Mohave City, Arizona

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Mohave City, Arizona
Ghost town
Mohave City, Arizona is located in Arizona
Mohave City, Arizona
Mohave City, Arizona
Location in the state of Arizona
Coordinates: 35°02′24″N 114°37′23″W / 35.04000°N 114.62306°W / 35.04000; -114.62306Coordinates: 35°02′24″N 114°37′23″W / 35.04000°N 114.62306°W / 35.04000; -114.62306
Country United States
State Arizona
County Mohave
Founded 1863
Abandoned 1938
Elevation[1] 502 ft (153 m)
Population (2009)
 • Total 0
Time zone MST (no DST)
Post Office opened October 8, 1866
Post Office closed October 31, 1938

Mohave City (also spelled as Mojave City) is a ghost town in Mohave County in the northwestern part of the U.S. state of Arizona. Settled in the 1860s, in what was then the Arizona Territory, it was founded as a river landing and trading center for area miners and soldiers, and was named for Mohave County.[2]

History[edit]

Indian threats to miners on the southern portion of the Colorado River spurred the creation of Fort Mohave by the Army (now the Fort Mojave Indian Reservation). The relative safety provided by the military presence led to the founding of Mohave City in 1863 by California Volunteers stationed at the nearby fort. Mohave City served primarily as a recreation town and its saloons and brothels thrived, thanks to the ample supply of miners and soldiers.[2][3][4] By 1866, the town had grown large enough to become the county seat, and a post office was established on October 8, 1866.[2][4]

Unlike most ghost towns in Arizona, which were abandoned due to the local mine running out, Mohave City was short-lived for a different reason. Fort Mohave expanded its borders to include the town site in 1869, mostly to get rid of it. In the fall of 1869, the military demanded that all civilians leave within 30 days, and proceeded to absorb the town's land. Residents packed up their homes and businesses, and moved on to new locations.[2][3][4]

The port town of Hardyville (now Bullhead City), created in 1864 and just north of Mohave City, gained in prominence once Mohave City was no more,[3] and on January 21, 1867, took over the title of county seat.[5]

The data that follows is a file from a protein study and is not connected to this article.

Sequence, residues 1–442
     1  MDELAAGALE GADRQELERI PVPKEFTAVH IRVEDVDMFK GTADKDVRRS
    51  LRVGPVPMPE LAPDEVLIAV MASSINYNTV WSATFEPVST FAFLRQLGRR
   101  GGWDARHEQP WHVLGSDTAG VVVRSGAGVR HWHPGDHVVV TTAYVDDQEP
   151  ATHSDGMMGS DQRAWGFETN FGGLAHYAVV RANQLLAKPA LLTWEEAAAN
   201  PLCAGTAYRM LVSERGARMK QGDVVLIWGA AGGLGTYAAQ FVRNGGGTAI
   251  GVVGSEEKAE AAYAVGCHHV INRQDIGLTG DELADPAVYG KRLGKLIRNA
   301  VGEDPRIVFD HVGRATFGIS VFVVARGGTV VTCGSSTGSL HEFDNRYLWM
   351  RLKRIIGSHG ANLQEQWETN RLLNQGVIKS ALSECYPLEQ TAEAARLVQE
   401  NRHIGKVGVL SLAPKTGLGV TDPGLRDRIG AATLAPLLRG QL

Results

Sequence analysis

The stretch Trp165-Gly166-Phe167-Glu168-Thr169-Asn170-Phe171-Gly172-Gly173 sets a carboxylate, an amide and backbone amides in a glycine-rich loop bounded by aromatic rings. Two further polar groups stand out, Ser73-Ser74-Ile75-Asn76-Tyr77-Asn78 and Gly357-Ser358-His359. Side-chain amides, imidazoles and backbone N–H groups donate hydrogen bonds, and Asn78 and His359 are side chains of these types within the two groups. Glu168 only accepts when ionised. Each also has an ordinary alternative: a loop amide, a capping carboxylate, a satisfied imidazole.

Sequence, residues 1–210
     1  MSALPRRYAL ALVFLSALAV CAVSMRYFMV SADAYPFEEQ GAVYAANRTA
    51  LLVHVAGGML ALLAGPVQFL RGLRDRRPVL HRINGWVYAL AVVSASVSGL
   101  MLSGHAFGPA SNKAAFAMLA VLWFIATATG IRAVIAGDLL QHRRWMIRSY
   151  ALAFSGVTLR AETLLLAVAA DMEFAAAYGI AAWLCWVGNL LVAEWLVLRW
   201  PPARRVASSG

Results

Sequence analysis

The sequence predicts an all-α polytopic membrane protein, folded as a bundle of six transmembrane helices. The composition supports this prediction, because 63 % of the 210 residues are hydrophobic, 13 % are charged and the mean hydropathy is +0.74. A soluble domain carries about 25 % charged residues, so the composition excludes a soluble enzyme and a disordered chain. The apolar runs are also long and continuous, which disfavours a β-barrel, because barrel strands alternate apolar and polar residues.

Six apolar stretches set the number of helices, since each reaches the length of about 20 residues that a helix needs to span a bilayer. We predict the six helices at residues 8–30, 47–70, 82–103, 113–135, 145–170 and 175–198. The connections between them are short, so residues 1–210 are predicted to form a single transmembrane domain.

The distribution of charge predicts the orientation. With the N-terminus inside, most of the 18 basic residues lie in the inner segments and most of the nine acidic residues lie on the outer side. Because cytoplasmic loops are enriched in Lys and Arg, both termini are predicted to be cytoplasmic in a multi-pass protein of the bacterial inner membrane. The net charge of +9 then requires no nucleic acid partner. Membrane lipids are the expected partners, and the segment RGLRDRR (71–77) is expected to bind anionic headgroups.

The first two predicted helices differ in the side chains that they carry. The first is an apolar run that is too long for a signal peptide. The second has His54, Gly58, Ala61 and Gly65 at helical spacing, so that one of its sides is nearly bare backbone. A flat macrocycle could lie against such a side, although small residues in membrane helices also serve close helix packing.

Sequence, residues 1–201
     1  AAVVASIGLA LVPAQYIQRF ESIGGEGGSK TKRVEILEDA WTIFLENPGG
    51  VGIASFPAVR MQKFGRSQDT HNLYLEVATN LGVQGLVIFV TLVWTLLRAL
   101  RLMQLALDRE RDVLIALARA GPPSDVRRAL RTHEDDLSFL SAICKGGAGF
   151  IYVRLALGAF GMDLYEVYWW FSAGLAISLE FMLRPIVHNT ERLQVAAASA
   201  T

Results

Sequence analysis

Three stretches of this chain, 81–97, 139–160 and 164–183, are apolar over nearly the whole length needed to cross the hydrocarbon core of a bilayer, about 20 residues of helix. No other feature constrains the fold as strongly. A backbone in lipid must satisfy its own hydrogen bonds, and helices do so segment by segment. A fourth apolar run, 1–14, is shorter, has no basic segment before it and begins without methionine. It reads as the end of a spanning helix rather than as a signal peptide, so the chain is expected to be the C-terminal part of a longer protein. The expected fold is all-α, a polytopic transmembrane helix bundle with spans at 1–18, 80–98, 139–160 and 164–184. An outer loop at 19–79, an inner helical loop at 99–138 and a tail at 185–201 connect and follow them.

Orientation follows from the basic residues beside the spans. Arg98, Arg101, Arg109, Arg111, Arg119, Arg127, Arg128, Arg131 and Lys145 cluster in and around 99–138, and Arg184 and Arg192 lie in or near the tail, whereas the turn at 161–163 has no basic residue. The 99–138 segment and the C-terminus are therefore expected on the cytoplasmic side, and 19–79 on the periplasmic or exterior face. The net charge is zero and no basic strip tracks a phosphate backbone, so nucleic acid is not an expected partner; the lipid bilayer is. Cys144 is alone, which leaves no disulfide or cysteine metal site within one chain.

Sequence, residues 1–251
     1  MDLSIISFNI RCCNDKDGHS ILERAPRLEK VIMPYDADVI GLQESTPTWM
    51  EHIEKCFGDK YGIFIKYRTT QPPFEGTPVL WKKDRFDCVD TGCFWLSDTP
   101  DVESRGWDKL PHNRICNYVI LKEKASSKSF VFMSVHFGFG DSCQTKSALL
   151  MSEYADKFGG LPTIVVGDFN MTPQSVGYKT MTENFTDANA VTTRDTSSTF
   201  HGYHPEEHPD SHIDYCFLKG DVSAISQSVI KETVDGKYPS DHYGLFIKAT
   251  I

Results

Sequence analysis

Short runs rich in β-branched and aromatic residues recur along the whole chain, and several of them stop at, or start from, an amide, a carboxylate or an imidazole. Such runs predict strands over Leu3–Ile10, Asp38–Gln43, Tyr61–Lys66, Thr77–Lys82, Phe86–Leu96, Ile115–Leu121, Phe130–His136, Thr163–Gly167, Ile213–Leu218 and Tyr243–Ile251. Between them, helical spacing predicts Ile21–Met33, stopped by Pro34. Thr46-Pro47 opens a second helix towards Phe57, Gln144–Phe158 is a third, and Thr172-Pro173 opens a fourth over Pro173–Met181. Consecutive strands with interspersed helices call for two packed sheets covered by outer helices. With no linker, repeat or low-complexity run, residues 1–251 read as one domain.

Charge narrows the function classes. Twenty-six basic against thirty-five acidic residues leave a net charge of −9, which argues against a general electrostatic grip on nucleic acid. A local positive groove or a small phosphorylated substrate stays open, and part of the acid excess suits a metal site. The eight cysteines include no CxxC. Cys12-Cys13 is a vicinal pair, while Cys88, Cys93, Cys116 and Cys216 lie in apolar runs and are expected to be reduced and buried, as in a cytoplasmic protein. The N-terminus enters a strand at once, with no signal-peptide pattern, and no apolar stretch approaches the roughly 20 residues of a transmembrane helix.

Historical population
Census Pop.
1870 159
1900 30
1910 175 483.3%
Source:[6]

After the assumption of the land by the military, the town was referred to interchangeably as Fort Mohave or Mohave City.[2] The town clearly continued in some capacity, as it was listed as having 159 residents in the 1870 US Census.[7] By the 1880s, the town still housed approximately 50 residents, as well as a post office, gunsmith, a blacksmith, a pharmacist, and a general store.[2]

In 1890, the government gave the Fort Mohave land to the Indian Service by order of President Benjamin Harrison. Shortly thereafter, the buildings came to be used as a school for the local Indian population, housing as many as 200 students. The school closed and the buildings were given up by the Indian Service in 1935,[8] and on October 31, 1938, the post office was discontinued.[2] From that point onward, the land has been part of the Fort Mojave Indian Reservation.[8]

Remnants[edit]

Today, nothing remains of the fort, or the original buildings of Mohave City.[2]

Geography[edit]

Mohave City was located at approximately 35°02′24″N 114°37′23″W / 35.04000°N 114.62306°W / 35.04000; -114.62306 (35.0444453, -114.6230214)[1] on the bank of the Colorado River, 10 miles (16 km) south of Bullhead City.[2]

See also[edit]

References[edit]

  1. ^ a b U.S. Geological Survey Geographic Names Information System: Mojave City
  2. ^ a b c d e f g h i Sherman, James E.; Barbara H. Sherman (1969). "Mohave City". Ghost Towns of Arizona (First ed.). University of Oklahoma Press. p. 102. ISBN 0-8061-0843-6. 
  3. ^ a b c Moehring, Eugene P. (February 1, 2004). Urbanism and empire in the Far West, 1840-1890. University of Nevada Press. p. 286. ISBN 0-87417-565-8. Retrieved 2009-09-10. 
  4. ^ a b c Massey, Peter; Wilson, Jeanne (April 24, 2006). "Along the Trail". Backcountry Adventures Arizona: The Ultimate Guide to the Arizona Backcountry for Anyone With a Sport Utility Vehicle. Adler Publishing Co. p. 44. ISBN 1-930193-28-9. Retrieved 2009-09-11. 
  5. ^ Dreyfuss, John J. (January 1, 1972). A history of Arizona's counties and courthouses. Arizona: National Society of the Colonial Dames of America in the State of Arizona. p. 37. Retrieved 2009-09-12. 
  6. ^ Moffat, Riley (1996). Population History of Western U.S. Cities and Towns, 1850-1990. Lanham, Maryland: Scarecrow Press, Inc. pp. 9–17. ISBN 0-8108-3033-7. 
  7. ^ Moehring, Eugene P. (February 1, 2004). Urbanism and empire in the Far West, 1840-1890. University of Nevada Press. p. 337. ISBN 0-87417-565-8. Retrieved 2009-09-11. 
  8. ^ a b "Area Information: Our Past". Mohave Valley Chamber of Commerce. Retrieved 2009-09-12. [dead link]

External links[edit]